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When the Student Becomes the Master Arno Burnier, D.C., arrived in Spartanburg from Paris in 1973 armed only with a telephone number. He had no course booklet, no application, no idea of what to expect when he used that number to call Thom Gelardi, D.C., the founder of Sherman College. But the decision to leave France and pursue his dream of becoming a chiropractor at the newly-formed college of chiropractic is one that Burnier has never regretted. “I had met a very charismatic chiropractor in France who told me that if I wanted to study chiropractic, the place to do that was at Sherman College,” Burnier remembers. He arrived in South Carolina to discover that there was no established “college,” only an empty building on Main Street in Spartanburg. “There was no physical school, but there was so much excitement and enthusiasm. I stayed and helped frame the walls of the classrooms. We built the infrastructure of our own school,” Burnier explains. He graduated in 1977 and opened a practice specializing in infant, children and family care in Yardley, PA, where he worked for 20 years. He describes that time as “a blast, fun, a life party every day.” But more importantly, as a member of that pioneering class, Burnier continued to grow in professional leadership along with the college itself. He had many visitors to his office, students from different schools and other chiropractors who were interested in learning about his methods and techniques. “During the last five to six years I was practicing, there was a growing demand to teach students, other chiropractors and the people I was adjusting and serving,” says the man who in 1983 was named an Outstanding Young Man of America and in 1993 chosen as one of America’s 27 Best Doctors of Chiropractic by Self Magazine. His reputation for leadership in the profession led him, beginning in 1983, to teach adjusting seminars outside his practice on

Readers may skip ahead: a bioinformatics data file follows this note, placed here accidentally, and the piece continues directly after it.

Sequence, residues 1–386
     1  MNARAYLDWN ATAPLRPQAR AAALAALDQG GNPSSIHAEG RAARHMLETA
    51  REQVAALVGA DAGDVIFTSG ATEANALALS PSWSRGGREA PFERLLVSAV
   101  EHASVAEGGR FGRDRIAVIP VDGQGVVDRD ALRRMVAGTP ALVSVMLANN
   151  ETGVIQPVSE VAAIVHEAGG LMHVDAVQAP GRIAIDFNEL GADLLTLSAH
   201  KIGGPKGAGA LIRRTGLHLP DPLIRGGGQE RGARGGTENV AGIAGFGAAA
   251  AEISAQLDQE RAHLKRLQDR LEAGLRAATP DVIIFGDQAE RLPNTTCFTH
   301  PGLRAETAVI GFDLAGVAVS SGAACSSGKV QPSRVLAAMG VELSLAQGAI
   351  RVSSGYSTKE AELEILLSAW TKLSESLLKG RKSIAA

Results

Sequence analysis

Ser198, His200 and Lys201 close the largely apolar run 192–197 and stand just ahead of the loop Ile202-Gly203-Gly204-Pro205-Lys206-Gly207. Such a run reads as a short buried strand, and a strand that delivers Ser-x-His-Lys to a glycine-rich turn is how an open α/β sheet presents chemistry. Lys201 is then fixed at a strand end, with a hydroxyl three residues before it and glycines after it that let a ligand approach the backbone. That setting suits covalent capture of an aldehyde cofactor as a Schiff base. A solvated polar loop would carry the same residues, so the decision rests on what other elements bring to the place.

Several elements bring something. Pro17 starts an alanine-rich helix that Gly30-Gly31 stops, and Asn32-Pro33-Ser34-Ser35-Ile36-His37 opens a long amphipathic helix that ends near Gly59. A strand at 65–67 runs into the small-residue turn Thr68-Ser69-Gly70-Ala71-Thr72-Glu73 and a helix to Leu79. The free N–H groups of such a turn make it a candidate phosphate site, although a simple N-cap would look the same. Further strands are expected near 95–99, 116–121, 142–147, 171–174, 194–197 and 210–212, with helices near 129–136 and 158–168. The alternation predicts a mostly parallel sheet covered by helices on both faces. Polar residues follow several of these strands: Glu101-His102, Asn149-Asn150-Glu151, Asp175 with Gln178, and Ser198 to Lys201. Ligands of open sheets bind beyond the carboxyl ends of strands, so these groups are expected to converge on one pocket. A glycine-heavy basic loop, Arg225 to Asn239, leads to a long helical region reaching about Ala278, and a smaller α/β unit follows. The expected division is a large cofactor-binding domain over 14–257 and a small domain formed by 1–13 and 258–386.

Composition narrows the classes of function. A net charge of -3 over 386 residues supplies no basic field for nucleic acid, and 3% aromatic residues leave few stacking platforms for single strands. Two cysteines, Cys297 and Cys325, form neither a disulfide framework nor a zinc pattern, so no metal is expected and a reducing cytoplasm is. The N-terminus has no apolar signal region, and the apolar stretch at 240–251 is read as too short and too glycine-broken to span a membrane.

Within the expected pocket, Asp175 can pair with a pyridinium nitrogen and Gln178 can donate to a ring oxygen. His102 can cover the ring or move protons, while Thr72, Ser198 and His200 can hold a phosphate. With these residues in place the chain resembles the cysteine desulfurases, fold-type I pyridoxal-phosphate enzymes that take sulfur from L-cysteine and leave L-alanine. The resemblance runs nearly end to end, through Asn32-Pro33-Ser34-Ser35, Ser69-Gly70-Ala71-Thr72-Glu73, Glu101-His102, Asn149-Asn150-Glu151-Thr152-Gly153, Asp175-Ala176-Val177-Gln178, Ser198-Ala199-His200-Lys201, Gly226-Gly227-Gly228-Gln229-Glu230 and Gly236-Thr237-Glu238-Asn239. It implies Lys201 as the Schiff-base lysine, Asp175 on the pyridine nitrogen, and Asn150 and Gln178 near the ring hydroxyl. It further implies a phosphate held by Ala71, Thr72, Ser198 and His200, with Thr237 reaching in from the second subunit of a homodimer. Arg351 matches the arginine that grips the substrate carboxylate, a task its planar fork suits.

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weekends. The increasing demands on his time finally led him to close his practice in 1997 and devote himself full time to teaching others. He relocated to Durango, CO, and set up a camp where people came from all over the United States and even from outside the country to share experiences. Over the years, accolades mounted for the man who authored numerous articles on chiropractic, health, healing and wellness. He appeared on radio and television talk shows and was an international guest lecturer at conventions, seminars, colleges, organizations and lay groups. Sharing his philosophy became his driving passion. To accomplish that goal, the founder of MLS Adjusting Seminar, Master Piece Seminars and the Café of Life Vitalistic Practice Model, recently launched Zeechi.com, A Path of Mastery & Success in Life and Chiropractic. The Zeechi team, led by Burnier, is made up of vitalistic chiropractors, as well as Burnier’s wife, Jane, who is a certified life coach, who have dedicated themselves to helping others uncover and develop inner potential. Zeechi offers group and individual coaching; tele-consulting and on-site consulting; webinars and mission trips with the goal of creating a network that supports the sharing of common experiences, vision and aspiration. Burnier loves sharing his experiences, or as the accomplished communicator says, “encouraging the mass consciousness to move toward taking care of themselves.” What he advocates is “a true proactive wellness practice.” Burnier firmly believes that people should not wait until they are sick, but should adopt a “wellness discipline” that embraces the idea that the best “treatment” is a preventative healthcare delivery system. That is one of the principles that he conveys to all those that he touches. When speaking to students about to enter the chiropractic profession, he stresses that adjusting should be their number one priority. Further, Burnier advises them